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CHAMPAIGN — In an effort to reduce homelessness and find uses for its vacant lots, Champaign has found organizations to build tiny homes on two of its lots.

One home passed its final inspection this month and a resident is expected to move in any day, said John Ruffin, neighborhood coordinator for the city.

The other was completed about a year ago.

“We’ve been working with a local ministry, Restoration Urban Ministries, for the last several years, and in 2014, the Rev. (Ervin T.) Williams came to us with the idea about doing mini homes in order to meet some of the permanent housing needs of our friends without addresses,” Ruffin said.

The mini homes fit well on some of the smaller or oddly shaped vacant lots, Ruffin said, and two lots were donated to Restoration Urban Ministries.

“They were able to complete a mini home on one of the lots,” Ruffin said, and the other one was donated to First Mennonite Church in partnership with CU at Home.

“These mini homes are small, but they have space for a living area, a sleeping area, a kitchen area, plus bathroom facilities,” Ruffin said.

When the city acquires a vacant lot, whether through donation, forfeiture or other means, it first tries to find a private developer.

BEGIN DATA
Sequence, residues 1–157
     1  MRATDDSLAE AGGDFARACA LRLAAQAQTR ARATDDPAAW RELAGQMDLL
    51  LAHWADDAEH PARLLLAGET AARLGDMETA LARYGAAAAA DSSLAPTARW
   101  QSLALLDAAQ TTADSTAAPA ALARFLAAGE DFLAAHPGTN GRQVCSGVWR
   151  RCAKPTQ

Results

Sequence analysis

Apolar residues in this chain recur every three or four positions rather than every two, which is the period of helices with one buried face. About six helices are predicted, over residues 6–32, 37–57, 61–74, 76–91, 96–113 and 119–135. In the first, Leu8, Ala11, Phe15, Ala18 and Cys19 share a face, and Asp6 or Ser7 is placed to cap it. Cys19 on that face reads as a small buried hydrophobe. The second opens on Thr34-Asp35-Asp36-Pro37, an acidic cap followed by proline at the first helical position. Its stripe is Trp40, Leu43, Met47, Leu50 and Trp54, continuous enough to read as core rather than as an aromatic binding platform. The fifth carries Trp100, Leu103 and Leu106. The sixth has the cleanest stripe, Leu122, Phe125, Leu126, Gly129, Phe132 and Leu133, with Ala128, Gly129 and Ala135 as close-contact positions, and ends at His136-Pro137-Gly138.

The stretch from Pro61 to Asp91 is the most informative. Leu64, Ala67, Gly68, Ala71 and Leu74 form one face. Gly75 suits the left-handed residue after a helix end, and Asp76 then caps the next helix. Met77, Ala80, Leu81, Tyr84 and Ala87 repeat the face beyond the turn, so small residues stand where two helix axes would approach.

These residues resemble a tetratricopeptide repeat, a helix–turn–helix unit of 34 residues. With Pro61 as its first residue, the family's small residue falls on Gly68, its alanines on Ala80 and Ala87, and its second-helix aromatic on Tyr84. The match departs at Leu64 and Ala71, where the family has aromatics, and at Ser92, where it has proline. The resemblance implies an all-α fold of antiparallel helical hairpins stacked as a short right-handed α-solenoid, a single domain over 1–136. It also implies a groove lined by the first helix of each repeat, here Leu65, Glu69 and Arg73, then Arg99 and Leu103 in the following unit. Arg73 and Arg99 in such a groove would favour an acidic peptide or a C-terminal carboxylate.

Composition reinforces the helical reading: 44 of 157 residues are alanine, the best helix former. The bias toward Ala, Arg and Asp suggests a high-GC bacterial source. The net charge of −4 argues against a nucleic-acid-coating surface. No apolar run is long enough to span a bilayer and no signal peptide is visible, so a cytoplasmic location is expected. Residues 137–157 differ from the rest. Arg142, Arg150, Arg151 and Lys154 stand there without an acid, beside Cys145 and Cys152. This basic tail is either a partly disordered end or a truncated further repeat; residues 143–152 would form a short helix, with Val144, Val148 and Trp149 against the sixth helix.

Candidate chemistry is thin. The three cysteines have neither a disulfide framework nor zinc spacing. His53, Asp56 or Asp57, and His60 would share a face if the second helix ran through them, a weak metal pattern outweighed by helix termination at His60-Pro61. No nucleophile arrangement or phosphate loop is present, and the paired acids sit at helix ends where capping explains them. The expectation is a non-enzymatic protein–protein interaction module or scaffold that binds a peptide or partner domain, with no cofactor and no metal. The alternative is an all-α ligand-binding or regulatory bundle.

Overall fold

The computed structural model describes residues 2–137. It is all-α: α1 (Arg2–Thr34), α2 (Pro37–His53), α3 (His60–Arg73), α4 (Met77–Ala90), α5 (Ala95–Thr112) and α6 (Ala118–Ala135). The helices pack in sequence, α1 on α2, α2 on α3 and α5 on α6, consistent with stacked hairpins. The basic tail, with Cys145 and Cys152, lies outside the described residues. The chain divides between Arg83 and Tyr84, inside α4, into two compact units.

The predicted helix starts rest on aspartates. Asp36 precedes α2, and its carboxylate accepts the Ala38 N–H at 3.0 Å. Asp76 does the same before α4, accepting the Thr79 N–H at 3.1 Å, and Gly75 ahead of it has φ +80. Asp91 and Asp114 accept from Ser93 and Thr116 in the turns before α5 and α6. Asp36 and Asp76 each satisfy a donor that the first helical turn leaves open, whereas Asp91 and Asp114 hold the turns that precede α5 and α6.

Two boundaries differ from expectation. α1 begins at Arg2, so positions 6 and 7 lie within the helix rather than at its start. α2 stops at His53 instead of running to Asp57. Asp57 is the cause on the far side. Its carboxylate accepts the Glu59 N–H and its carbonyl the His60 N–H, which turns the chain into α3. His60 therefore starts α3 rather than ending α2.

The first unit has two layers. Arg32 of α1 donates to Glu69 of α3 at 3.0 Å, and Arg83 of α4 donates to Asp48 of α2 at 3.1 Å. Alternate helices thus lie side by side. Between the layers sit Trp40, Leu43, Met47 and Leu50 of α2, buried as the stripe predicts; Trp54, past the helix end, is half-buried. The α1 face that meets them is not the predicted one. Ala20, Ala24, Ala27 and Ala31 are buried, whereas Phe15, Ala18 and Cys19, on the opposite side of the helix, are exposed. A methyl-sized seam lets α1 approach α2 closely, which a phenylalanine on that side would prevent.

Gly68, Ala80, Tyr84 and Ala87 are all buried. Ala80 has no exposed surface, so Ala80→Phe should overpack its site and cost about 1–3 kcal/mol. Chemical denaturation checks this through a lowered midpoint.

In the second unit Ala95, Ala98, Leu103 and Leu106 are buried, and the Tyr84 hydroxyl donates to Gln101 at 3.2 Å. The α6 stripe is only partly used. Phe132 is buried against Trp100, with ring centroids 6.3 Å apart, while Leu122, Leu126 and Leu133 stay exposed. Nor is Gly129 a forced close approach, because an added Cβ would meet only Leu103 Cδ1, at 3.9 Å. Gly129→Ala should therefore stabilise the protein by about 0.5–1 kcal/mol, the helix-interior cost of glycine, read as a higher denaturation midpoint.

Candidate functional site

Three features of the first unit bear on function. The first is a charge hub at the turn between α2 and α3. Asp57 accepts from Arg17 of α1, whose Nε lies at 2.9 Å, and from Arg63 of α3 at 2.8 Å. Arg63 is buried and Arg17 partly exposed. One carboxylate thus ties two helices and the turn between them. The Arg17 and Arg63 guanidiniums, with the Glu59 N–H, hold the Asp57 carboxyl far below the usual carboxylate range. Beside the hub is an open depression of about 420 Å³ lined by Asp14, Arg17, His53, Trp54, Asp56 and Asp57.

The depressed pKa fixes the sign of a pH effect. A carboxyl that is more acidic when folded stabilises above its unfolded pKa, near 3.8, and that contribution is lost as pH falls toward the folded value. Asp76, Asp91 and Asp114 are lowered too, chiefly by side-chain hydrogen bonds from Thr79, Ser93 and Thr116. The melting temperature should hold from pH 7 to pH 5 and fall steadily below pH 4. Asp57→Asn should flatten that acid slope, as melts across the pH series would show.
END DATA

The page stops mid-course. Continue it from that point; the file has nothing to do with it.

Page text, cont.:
“But when that is not feasible, we try to identify and work with local nonprofit organizations to identify the next best uses,” Ruffin said.

He doesn’t know if more mini homes are on the way, but was optimistic considering the estimated $35,000 cost of construction.

“We certainly think this price point is a good price point, and we are exploring the opportunity with local affordable-housing developers and development organizations to see if this is a concept that folks might want to undertake,” Ruffin said.

In a separate vacant-lot project, the city worked with University of Illinois students competing on the Solar Decathlon project.

The students and faculty used green building techniques and designs to try to reduce the home’s carbon footprint.

“They used a solar roof, cutting-edge building materials and processes,” Ruffin said. “They’ve got an innovative gray-water system in use in the house in order to capture and reuse drainage water throughout the house.”

The home was then handed over to the Champaign County chapter of Habitat for Humanity.

The solar home is located at Bradley Avenue and Walnut Street.

“The solar home is more of an attraction and something we want folks to drive by,” Ruffin said.

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